Australia v India, World Cup 2015, 2nd semi-final, Sydney March 25, 2015

India not carrying any scars, says Rohit


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We bring out our best during big games - Rohit

Scars? What scars? Everyone's talking about scars, but Rohit Sharma sees none. The scars being discussed do not concern cosmetic surgery for a movie star, but the Indian team's memory of what Australia had been like around six weeks ago.

Defeat followed by defeat followed by defeat, with a drawn Test or two bunged in. India had traipsed around Australia, unable to defeat any team they ran into. Even England in the ODI tri-series, an idea so absurd today that it instantly turns Monty Python-esque.

The memory of those games is now so distant to the Indian team, as if erased from memory. The last six weeks in Australia have involved victory followed by victory followed by more victory, seven times over. But now it is time for the semi-final of the World Cup, and they are up against that same team they were unable to beat. Australia, in the World Cup semi-final. With a title to defend. Hence the scars.

"I don't think it matters," Rohit said. "What happened was in the past. We never wanted to carry it [the Test and tri-series results] into the World Cup. We always spoke about this. We know how important the World Cup is, and [for us] to come out and play some good cricket. So now it is just the matter of two more hurdles."

India have spent the last four months in Australia. Rohit said: "We have to make the last four months worth it." He said the team had come to Australia with a "mission", with the World Cup being the focal point. After two and a half miserable months, Rohit said, "None of the guys thought about going back. We were there on a mission, we wanted to achieve history."

It is India's ability to play the big, "historic" games (particularly in ODIs) that was the team's strength in the last four years, winning 64 off 106 ODIs played since becoming the world champion. For all their wobbly overseas Test record, of those 64 ODI wins, 39 have been overseas and 25 at home. India's ability to turn up on the big days, regardless of what may have transpired earlier, is their X-factor going into this game. Rohit said, "We know how to play big games, we've been a part of it. It brings out the best in everyone."

If there ever was any semi-finalist that Australia would have preferred avoiding in Sydney in this World Cup, it would have to be India. The India that turned up after Valentine's Day, that is.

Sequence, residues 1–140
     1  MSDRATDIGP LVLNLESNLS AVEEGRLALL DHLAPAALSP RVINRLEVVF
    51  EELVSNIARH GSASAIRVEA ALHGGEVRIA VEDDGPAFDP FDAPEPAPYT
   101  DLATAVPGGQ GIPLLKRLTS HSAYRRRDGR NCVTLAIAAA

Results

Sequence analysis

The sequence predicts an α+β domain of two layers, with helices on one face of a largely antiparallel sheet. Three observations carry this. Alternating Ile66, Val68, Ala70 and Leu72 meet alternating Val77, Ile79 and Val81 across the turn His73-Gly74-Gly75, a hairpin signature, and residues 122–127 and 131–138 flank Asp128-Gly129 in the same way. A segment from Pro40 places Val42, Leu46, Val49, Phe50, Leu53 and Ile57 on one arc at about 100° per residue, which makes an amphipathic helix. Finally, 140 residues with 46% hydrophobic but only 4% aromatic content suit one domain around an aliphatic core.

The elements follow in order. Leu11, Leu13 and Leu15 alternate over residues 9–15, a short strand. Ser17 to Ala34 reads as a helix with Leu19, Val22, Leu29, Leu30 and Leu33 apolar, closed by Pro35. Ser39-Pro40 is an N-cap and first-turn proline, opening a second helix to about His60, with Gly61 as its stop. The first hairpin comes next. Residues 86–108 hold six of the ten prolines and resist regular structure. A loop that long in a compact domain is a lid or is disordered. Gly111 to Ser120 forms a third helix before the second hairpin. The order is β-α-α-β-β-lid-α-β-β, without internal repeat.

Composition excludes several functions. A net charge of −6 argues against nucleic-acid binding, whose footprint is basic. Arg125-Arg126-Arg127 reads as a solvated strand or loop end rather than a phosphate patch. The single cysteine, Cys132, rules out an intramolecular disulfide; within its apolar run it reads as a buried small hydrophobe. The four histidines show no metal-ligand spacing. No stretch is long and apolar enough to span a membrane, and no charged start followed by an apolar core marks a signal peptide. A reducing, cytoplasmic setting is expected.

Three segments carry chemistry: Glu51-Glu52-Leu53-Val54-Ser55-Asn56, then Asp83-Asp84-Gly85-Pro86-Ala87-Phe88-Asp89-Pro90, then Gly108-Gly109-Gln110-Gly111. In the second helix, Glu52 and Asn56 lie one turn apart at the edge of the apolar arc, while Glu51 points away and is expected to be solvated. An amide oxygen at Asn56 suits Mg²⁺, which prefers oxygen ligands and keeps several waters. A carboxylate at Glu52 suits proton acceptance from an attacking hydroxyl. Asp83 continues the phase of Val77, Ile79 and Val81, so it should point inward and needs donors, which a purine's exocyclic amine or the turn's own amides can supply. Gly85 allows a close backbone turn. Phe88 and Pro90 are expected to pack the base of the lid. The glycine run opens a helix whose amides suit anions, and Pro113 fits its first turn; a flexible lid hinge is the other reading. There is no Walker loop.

The run-up to the semi-final has been what one writer in the Sydney Morning Herald called a "one-team phoney war", given that the Australians are talking things up - James Faulkner has spoken about sledging, Steven Smith about scars - only for the first Indian to speak to the media in days to play it down. Questions around any verbal and psychological battles were met with an eyes-half-closed signature Rohit flick: after dismissing the scars, he said India will not back down in the face of any aggression, but effectively executing cricketing skills was more important.

"You must have noticed this throughout the Test matches that when we played Australia, none of the teams backed down, both the teams were right in each other's faces. It's part of the game.

"But see, it has been my belief, we need to stick to our game plan. If there is a bit of banter going around, so be it. There will be times where you'll see a lot of bowlers and fielders getting right in their faces… But as a team, we have to stick to our game plan and try to execute what we've been doing for the last seven games."

One of the areas India will have to execute to precision in is against a suitably revved-up Mitchell Starc, who is as punishing with the new ball as with the relatively-old one. In the first match against Pakistan, they did tackle Wahab Riaz adequately but this was before he got angry. Speaking on the matter, Rohit said: "Our approach has to be the same as it has throughout the series… the opening partnership sets up the game for the rest of the order to come and bat. We know what he [Starc] is capable of but we should stick to our strengths. It is important for the top three to lay the foundation for the others to follow." India's top three have all produced centuries in the tournament, and that is something the Australians would have noted.